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The Hope of Resurrection

“The Hope of Resurrection”

The Fifth Sunday after Epiphany (February 10, 2019)

1 Corinthians 15:1-11

Now I would remind you, brothers and sisters, of the good news that I proclaimed to you, which you in turn received, in which also you stand, through which also you are being saved, if you hold firmly to the message that I proclaimed to you—unless you have come to believe in vain. For I handed on to you as of first importance what I in turn had received: that Christ died for our sins in accordance with the scriptures, and that he was buried, and that he was raised on the third day in accordance with the scriptures, and that he appeared to Cephas, then to the twelve. Then he appeared to more than five hundred brothers and sisters at one time, most of whom are still alive, though some have died. Then he appeared to James, then to all the apostles. Last of all, as to one untimely born, he appeared also to me. For I am the least of the apostles, unfit to be called an apostle, because I persecuted the church of God. But by the grace of God I am what I am, and his grace toward me has not been in vain. On the contrary, I worked harder than any of them—though it was not I, but the grace of God that is with me. Whether then it was I or they, so we proclaim and so you have come to believe.


For Paul, everything hinges on the resurrection. It grounds the gospel. It is the substance of Christian hope. It is an objective truth that Paul received and that he in turn passed on to his church. Paul knows that Jesus has been raised because he trusts the testimony of others and because the risen Jesus appeared to him. Theologically, Paul is putting all his eggs in this one proverbial basket. Belief in the resurrection is an all-or-nothing, high-stakes game.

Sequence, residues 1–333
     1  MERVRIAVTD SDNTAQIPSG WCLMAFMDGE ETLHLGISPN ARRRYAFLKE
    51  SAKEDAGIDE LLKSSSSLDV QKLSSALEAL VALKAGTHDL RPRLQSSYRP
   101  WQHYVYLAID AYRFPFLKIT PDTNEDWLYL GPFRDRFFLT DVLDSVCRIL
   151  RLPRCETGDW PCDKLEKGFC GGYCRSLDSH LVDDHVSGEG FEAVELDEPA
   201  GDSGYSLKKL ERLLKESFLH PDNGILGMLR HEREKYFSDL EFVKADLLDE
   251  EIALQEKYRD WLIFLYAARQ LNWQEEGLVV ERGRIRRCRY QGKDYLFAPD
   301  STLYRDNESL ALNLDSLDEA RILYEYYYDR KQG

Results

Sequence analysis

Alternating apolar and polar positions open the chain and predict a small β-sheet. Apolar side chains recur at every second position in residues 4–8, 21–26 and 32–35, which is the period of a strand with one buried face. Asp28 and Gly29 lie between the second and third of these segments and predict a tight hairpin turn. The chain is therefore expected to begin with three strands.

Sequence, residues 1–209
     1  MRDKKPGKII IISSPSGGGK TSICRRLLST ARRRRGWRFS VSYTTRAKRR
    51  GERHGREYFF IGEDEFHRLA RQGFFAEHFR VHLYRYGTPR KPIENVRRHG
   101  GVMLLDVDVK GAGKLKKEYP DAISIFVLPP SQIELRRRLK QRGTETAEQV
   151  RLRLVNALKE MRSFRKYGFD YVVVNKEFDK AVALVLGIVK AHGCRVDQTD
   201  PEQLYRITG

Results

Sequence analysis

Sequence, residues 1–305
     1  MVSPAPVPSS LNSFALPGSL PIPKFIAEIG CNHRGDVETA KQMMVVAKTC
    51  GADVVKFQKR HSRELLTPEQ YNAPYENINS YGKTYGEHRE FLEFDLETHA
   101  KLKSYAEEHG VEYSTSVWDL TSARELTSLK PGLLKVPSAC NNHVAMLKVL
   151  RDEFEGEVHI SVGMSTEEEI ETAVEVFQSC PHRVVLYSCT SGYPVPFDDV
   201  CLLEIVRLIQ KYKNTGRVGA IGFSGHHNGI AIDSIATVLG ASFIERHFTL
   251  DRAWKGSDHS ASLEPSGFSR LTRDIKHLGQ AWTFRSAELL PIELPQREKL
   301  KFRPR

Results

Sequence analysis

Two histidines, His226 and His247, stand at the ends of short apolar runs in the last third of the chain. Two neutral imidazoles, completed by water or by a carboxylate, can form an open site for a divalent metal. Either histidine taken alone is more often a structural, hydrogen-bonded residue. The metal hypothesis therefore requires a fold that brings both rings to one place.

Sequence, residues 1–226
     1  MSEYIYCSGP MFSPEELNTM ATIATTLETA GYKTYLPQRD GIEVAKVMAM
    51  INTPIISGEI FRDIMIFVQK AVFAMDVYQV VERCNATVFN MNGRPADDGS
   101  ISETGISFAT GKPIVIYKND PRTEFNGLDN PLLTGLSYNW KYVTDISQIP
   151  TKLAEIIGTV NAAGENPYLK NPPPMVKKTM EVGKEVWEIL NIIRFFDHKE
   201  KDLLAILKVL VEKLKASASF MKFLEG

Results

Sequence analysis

I read just a portion of this chapter (there are a whopping 58 verses in it), but the summary of the rest of it is that Paul drives home the vital importance of the resurrection of Jesus as the first-fruits, or, as we say these days, the prototype for the resurrection of the dead when God’s reign finally comes in its fullness. While he doesn’t venture to describe exactly what happened on Easter morning, he does go to great lengths to put into words what will happen on the Last Day to our our bodies “When this perishable body puts on imperishability, and this mortal body puts on immortality” and “Death has been swallowed up in victory.” Writing to the newly established church at Corinth, Paul writes with an almost feverish sense of urgency: